Plans to build Yuma apartment building receives mixed reactions

YUMA, Ariz. – A prospective new apartment complex in Yuma is stirring up controversy.

City council could approve the rezoning of a vacant lot near the intersection of 12th Street and 14th Avenue.

Several residents who live there say they’re worried about safety, but others did not have a problem with a new complex.

“It’s a nice neighborhood. There’s beautiful homes. It’s nice to walk,” according to Laura Hall who lives in the neighborhood.

Hall says she’s excited to see the vacant lot cleaned up. “I think it’s a wonderful idea to get rid of the field,” she added.

Not everyone is so happy. A preliminary concept indicates one building will go right against the wall that separates the lot from single family houses. Those homeowners on the other side are worried about privacy.

Another concern for some residents is parking. They fear cars will be left on the street. Jacobson Companies wants to put 10 two-bedroom units here but only plans to offer 17 parking spaces.

Dave Nash with the City of Yuma told us what other issues people brought up at a public meeting in November. “How high to build the wall that’s planned for the east side….Criminal activity, Nash explained. The location of a dumpster was brought up. Landscaping was brought up.”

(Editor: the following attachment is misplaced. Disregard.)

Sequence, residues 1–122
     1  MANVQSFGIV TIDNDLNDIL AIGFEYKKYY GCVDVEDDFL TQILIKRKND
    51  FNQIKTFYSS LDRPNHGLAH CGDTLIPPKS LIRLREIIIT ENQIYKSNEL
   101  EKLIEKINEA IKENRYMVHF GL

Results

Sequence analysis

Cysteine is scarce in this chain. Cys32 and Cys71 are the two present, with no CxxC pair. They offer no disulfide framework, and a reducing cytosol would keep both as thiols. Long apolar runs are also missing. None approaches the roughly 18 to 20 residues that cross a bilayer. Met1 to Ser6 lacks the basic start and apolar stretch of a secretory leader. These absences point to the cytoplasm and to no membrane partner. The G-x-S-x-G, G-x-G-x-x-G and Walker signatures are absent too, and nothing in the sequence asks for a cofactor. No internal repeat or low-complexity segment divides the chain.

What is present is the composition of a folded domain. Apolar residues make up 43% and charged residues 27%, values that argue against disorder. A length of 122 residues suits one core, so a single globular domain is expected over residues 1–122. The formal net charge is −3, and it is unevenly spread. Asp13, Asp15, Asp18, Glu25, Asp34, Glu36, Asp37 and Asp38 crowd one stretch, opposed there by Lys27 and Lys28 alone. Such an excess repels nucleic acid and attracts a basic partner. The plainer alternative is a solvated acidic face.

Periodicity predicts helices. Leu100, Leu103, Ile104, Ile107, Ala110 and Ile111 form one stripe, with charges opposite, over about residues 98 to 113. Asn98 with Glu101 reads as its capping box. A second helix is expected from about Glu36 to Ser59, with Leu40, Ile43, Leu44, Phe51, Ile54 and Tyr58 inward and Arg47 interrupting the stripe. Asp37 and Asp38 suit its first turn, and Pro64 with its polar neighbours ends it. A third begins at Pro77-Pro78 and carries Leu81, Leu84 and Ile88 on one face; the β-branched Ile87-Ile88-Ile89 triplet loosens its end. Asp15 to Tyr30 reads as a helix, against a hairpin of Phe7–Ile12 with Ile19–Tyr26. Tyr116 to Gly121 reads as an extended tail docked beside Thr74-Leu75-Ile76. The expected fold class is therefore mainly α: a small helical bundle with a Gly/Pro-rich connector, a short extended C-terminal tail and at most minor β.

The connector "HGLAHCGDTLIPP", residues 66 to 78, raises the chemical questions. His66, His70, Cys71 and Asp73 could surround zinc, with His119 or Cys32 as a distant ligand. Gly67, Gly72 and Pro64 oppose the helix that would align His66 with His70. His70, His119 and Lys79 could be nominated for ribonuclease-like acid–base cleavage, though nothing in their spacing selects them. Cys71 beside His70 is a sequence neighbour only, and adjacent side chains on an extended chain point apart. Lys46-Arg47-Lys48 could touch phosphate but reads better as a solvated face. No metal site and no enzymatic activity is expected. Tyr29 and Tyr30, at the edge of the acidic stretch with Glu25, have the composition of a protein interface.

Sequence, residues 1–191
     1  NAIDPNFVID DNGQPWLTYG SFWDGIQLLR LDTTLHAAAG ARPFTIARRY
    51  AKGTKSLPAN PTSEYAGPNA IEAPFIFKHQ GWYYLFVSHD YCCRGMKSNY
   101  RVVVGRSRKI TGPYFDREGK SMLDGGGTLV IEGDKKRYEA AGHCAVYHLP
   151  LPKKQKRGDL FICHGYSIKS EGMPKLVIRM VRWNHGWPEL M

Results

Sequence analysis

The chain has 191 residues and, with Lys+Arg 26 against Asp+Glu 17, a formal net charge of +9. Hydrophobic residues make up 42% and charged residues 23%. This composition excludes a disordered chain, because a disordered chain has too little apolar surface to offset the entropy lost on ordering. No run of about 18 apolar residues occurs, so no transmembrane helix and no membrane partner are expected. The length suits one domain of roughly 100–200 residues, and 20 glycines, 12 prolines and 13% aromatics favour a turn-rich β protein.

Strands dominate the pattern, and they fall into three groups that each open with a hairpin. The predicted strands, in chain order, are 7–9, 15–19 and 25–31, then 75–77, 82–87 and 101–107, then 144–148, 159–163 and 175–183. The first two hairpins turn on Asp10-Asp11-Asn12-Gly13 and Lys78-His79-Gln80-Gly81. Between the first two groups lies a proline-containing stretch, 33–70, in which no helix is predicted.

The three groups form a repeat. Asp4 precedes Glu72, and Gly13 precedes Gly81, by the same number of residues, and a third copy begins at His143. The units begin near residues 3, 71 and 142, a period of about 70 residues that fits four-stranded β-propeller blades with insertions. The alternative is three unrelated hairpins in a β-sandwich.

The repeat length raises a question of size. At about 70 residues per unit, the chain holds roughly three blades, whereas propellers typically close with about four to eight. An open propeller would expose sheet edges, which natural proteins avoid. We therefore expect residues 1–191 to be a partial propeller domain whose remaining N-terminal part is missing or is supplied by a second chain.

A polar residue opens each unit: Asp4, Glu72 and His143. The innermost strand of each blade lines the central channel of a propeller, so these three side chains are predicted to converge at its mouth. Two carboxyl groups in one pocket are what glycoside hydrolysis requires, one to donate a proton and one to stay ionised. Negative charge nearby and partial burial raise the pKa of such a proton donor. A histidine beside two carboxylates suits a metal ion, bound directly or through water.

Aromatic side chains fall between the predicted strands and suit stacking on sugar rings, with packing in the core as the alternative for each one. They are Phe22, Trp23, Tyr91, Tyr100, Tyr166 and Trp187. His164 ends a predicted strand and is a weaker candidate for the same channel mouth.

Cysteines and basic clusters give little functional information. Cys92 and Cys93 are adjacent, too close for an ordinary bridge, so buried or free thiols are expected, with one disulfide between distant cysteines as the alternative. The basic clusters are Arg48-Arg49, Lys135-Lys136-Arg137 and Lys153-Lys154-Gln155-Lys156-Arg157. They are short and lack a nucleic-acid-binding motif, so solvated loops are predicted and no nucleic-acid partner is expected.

With O.C. Johnson Elementary School blocks away, others worry more traffic could be dangerous for children who walk there. Yuma’s Planning and Zoning Committee voted in favor of to rezone. Now it’s up to city council to approve it.

“Public has opportunity to contact their council members and give them your feedback as to how you’d like them to vote,” Nash said.

We reached out to Jacobson Companies but have not received a response. City council could review the proposal at their next meeting on February 4th.

About The Author

Eduardo Santiago joined the FOX 9 and ABC 5 news team in February, 2012. That’s the same year KECY launched its very first local newscast. He has been covering local news in Yuma and the Imperial Valley since his start as a KYMA photojournalist in 2006. During his decade in broadcasting, Eduardo has covered some of the biggest stories in the Desert Southwest – from President Bush’s visit to Yuma, Ariz. to the uncovering of drug tunnels that span the US-Mexico border. One of the most memorable stories Eduardo covered was the 2010 Easter Earthquake that rocked the Imperial Valley, Mexicali, and Yuma. Eduardo, along with his news team, won an award from the Associated Press for best coverage of an ongoing story following the quake. Before he made his move to TV, Eduardo was just a kid born in East Los Angeles, where he spent his early childhood. His parents moved him to Mexicali, B.C. Mexico, where he did most of his elementary school education. He finally landed in El Centro, where he graduated from Central Union High School in 2005. Eduardo is currently a student at Imperial Valley College. You can find Eduardo hanging out in the Imperial Valley and Yuma with his family on any given weekend. His off-screen passion is playing guitar and sports.

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